What to Know About Lift Chairs

Medically Reviewed by Sarah Goodell on February 10, 2024
3 min read

‌Lift chairs are motorized chairs that help you move from a sitting to a standing position. They're useful for people recovering from surgery or those with arthritis or a neurological condition that limits movement. You control a lift chair using a remote control.

Every year, 3 million people aged over 65 years are treated at the emergency department for injuries from falls.

Lift chairs look like normal chairs but have a motorized part that lifts and tilts the chair forward to help you stand up. Lift chairs help older people with poor mobility to safely rise to a standing position. These chairs are also useful for people with severe hip or knee arthritis.

Lift chairs can also improve posture. Some chairs offer lots of settings so you can choose a position that works best for you. If the chair has an elevated footrest, you can use this to reduce leg swelling and pain. You won't use as much energy getting up from a lift chair, so you may benefit from reduced fatigue, especially in the shoulders.

There are three types of lift chairs:

  1. Infinite position lift chair. Its footrest is controlled separately from the backrest, and this backrest can recline fully. 
  2. Two-position lift chair. It doesn't recline fully, so it may not be as comfortable as the other varieties. 
  3. Three-position lift chair. It can recline fully, but its footrest doesn't have a separate control, so it extends as the backrest reclines.

The backrest can be stopped at any point of recline in all lift chairs.

You can test out different lift chairs before buying one at medical supply shops near hospitals.

It's important to be aware of your surroundings while using the chair. So, you should consider these risks before buying a lift chair:

  • Small children and pets may get trapped under the base of the chair when it's lowered or between the seat cushion and backrest while the chair is bought forward.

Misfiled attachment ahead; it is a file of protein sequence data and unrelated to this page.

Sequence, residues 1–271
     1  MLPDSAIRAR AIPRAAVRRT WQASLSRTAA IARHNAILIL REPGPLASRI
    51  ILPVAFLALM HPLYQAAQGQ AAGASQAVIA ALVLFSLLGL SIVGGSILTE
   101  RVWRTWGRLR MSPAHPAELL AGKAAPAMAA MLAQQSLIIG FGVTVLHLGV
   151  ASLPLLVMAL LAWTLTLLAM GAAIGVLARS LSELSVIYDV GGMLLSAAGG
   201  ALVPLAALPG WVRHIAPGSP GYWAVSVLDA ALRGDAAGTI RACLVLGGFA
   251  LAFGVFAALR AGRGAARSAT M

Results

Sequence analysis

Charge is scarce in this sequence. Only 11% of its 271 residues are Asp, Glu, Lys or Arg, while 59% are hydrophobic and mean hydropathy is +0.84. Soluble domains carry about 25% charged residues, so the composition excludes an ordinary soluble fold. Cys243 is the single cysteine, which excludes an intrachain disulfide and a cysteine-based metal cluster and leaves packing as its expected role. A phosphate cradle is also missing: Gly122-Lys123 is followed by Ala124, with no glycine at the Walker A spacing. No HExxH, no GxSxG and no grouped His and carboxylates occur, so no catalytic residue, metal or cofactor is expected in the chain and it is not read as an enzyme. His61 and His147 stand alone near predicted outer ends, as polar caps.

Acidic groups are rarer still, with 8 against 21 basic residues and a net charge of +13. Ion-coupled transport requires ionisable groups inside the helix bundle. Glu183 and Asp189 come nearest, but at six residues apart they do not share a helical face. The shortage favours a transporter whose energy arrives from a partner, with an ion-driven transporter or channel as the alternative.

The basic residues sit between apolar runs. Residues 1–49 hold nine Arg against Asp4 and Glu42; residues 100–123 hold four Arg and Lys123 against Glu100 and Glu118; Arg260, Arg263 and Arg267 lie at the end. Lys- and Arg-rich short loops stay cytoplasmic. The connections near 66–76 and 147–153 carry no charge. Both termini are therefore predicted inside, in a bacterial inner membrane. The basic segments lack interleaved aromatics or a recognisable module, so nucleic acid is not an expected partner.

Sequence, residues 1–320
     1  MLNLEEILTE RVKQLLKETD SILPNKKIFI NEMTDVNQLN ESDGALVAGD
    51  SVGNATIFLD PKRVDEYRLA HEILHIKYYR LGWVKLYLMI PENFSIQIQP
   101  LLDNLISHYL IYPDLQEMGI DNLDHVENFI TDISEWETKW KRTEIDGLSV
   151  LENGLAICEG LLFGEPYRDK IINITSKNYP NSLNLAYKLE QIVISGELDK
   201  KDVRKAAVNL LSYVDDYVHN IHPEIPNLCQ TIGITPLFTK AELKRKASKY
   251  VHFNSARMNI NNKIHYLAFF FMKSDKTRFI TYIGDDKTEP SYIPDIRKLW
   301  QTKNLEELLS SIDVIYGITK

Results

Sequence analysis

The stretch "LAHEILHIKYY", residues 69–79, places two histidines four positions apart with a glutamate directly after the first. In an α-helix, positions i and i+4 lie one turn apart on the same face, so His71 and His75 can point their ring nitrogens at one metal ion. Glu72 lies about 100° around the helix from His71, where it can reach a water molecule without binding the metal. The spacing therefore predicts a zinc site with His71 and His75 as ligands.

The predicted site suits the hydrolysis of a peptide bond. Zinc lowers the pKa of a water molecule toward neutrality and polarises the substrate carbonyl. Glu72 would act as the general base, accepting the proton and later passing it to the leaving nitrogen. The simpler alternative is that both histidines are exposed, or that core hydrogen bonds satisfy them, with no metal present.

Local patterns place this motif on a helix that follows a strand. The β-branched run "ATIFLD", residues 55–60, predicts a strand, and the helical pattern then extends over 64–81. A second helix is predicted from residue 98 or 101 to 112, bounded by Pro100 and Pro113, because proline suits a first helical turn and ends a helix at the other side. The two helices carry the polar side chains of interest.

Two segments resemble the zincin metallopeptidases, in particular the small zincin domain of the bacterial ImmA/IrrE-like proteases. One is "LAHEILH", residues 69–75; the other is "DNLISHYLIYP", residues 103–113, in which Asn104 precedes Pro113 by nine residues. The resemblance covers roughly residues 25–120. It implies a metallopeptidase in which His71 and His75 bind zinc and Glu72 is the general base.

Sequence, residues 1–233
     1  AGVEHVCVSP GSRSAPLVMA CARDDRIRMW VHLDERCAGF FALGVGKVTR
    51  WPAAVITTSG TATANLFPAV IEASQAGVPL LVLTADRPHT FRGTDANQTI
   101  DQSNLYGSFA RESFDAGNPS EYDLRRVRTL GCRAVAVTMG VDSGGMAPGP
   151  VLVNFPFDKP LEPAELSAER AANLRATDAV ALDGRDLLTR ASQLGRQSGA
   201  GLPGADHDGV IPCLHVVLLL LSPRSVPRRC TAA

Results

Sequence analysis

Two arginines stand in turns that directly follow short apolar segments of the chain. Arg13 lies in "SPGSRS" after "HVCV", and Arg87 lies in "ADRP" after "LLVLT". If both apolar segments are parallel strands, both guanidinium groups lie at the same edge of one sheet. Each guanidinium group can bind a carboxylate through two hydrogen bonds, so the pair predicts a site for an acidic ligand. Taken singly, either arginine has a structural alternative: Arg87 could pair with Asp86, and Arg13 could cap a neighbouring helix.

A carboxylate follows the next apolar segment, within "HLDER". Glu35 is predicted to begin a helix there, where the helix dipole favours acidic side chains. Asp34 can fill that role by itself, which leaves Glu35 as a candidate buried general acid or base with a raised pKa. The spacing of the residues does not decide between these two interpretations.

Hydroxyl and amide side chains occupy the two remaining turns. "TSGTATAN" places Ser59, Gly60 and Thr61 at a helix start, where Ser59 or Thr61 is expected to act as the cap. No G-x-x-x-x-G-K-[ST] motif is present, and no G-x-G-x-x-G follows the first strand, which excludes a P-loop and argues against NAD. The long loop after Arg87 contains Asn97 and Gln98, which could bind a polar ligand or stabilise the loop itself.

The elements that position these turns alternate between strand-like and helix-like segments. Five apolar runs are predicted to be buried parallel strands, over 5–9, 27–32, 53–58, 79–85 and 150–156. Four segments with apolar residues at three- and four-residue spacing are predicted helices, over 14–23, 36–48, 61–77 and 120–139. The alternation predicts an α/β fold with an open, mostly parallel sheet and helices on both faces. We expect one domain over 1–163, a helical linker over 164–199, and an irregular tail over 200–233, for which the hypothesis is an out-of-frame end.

• Your legs may get trapped between the seat cushion and leg rest.
  • Pillows and other bedding may fall off the chair and get trapped inside the chair.

If you're on Medicare Part B, your insurance may cover most of the cost of a lift chair once you pay the deductible. You'll owe around 20%, and Medicare will pay the rest. But the specific amount you'll owe depends on what other insurance you have and who your supplier is.

Before Medicare can cover the cost of your lift chair, your doctor will judge whether the chair is a medical necessity for you. So, your doctor will fill out the medical necessity form, which asks them to confirm the following:

  • If you've been diagnosed as having severe knee or hip arthritis, or another severe neuromuscular disease
  • If you can move around once you've stood up
  • If you can't stand up by yourself from any other type of chair
  • If you've tried other treatments and devices to help you stand, but they've failed (as shown by medical records)

Under Medicare, you might be asked to rent a lift chair instead of buying it or you may be given a choice of either buying or renting it. Your doctor and supplier must both be enrolled in Medicare. Ask your doctor for a list of approved lift chair suppliers near you.

Under Medicare Part B, lift chairs are a type of durable medical equipment — or DME — called a "patient lift". As a DME, the lift chair should work for at least 3 years.

If you've bought a lift chair from an approved supplier and you're on Medicare Part B, then you can ask your supplier to file a claim for you. The claim must be filed within 12 months of you buying the chair because claims filed after this date won't be paid. 

If you're close to the deadline and your supplier still hasn't filed a claim, you can file one yourself. All you need to do is provide:

  • A completed "Patient Request for Medical Payment" form
  • A letter explaining why you're filing the claim instead of your supplier 
  • A bill from your supplier
  • Supporting documents